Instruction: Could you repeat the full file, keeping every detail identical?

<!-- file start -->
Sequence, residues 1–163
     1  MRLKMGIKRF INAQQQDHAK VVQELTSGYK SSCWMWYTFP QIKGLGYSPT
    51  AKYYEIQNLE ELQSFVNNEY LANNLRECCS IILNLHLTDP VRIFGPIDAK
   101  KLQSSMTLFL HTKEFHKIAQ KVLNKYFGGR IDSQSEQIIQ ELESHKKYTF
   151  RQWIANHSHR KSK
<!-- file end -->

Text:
Sequence, residues 1–163
     1  MRLKMGIKRF INAQQQDHAK VVQELTSGYK SSCWMWYTFP QIKGLGYSPT
    51  AKYYEIQNLE ELQSFVNNEY LANNLRECCS IILNLHLTDP VRIFGPIDAK
   101  KLQSSMTLFL HTKEFHKIAQ KVLNKYFGGR IDSQSEQIIQ ELESHKKYTF
   151  RQWIANHSHR KSK